Narendra Modi has pulled off a feat that could not have been predicted. Over the course of the last year, he managed to garner the sort of support for himself and his party that took them well beyond the 272-mark in Parliament; he can now form the government without having to worry about getting allies. Is this feat an aberration, given how it was widely believed that coalition politics was here to stay? It was clear to some of us, by March 2013, that the Bharatiya Janata Party with Modi at its helm would cross the 250-mark in the Lok Sabha on its own, and that the Congress would manage seats in double digits, between 50 to 60. Those who disagreed with this were men and women from the Congress along with the ‘intelligentsia’; these people were constantly citing caste and class statistics and saying that the Muslim population and the Dalits would vote en masse against Modi. They spoke of secularism and predicted a volatile future for India with the ‘advent’ of Modi.
In the age of information and transparency, old paradigms have ceased to be relevant, and any analysis of future possibilities based on those archaic parameters is bound to fail. Political pundits did not think that the Hindu population could overcome caste and class distinctions in order to become one large vote-bank. However, that is what seems to have happened. The Dalit and Muslim populations, concerned about not contributing directly to a larger, changing democratic process, voted for the person they saw as a potential winner at the Centre.
But to deliberately cause the fragmentation of a polity in order to consolidate power would be enormously dangerous. Will Modi’s resounding victory ensure the dignity of life for all, sans any sort of discrimination? Could a definitive mandate like this one be the checks-and-balances mechanism required for inclusive growth and opportunity?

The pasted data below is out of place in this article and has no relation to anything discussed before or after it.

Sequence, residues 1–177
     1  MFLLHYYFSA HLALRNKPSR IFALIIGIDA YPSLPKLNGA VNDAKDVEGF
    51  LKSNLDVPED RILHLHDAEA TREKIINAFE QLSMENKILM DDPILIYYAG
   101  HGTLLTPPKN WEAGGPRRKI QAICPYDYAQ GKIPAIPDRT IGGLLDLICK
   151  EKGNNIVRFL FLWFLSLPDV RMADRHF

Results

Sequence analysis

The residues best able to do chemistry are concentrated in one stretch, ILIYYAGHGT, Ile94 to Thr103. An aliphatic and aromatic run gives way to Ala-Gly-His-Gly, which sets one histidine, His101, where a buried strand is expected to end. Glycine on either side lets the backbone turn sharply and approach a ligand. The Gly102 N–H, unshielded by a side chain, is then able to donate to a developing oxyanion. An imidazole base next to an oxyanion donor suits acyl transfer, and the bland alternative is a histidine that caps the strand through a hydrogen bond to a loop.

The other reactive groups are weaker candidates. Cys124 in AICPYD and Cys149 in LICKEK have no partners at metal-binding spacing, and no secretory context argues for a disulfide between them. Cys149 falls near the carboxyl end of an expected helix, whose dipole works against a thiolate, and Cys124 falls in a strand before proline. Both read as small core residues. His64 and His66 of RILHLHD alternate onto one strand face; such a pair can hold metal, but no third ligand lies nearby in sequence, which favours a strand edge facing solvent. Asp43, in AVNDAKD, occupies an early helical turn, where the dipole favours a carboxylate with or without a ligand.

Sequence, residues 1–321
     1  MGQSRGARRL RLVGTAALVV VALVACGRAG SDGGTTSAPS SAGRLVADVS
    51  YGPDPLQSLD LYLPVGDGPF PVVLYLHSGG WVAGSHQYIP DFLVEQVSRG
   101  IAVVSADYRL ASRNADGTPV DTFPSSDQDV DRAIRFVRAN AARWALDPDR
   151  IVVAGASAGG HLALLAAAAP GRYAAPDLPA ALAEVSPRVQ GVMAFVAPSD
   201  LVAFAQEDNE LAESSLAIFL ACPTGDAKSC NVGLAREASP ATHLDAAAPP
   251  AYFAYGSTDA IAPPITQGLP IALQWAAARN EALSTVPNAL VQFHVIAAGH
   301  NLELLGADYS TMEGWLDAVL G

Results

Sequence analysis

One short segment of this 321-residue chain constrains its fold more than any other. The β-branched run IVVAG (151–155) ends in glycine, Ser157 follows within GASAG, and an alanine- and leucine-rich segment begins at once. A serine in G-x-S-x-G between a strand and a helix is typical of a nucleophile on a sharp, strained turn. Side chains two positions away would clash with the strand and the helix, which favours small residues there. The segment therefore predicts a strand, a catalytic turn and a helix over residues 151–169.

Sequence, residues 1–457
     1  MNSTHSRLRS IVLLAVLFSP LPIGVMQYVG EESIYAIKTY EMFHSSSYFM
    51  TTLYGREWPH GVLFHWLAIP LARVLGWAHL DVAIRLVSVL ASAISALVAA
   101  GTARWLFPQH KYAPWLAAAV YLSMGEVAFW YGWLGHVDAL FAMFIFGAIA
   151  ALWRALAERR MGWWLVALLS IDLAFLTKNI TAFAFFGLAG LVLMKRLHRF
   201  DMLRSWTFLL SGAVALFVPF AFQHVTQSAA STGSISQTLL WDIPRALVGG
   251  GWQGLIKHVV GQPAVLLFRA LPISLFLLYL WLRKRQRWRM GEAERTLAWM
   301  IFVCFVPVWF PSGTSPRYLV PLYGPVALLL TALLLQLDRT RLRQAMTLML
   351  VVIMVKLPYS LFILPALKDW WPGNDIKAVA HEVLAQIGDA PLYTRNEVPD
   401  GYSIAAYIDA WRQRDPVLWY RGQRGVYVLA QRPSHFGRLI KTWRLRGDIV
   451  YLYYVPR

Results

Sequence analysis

We need to wait and watch how the complex problems plaguing India — most of which were either neglected or badly handled by the previous dispensation — are addressed by Modi, if at all. How will he handle the country’s frayed relationships in the neighbourhood? Will India forget its powerful role in the region and bend to the will of a single super power on the latter’s terms? Will it assert its vital presence as arguably the largest bastion of human skill and resource in the world? Or will it sell itself cheap only to be one of the bigger nations known for their bullying of other countries? Will it only think about grabbing power and benefits for itself or will it respect human rights and the sovereignty of other nations?
Petty politicking was rejected by the voters this time. There were stalwarts from the BJP who broke away from the party, contested the elections on their own and lost decisively. They believed that they were invincible, a delusion that stemmed from their inability to see the truth and listen to the people. In present times, the old arrogance of power is no longer attractive or ‘charismatic’. This election has shown how easily that arrogance can be shattered. Those who lost their seats are in deep shock, and are probably trying to figure out the best way to face the real world once again.
The privileges afforded to those in power, of free houses and other amenities, made them complacent and arrogant. Now that they have to go back to living like ordinary human beings, their spirits have been dampened. It is sad that this is the biggest concern of those leaving power. It sums up the superficial commitment that many leaders have to their nation. Indians have to become far more vigilant and demanding. They must set the agenda for the future and ensure dignity and probity.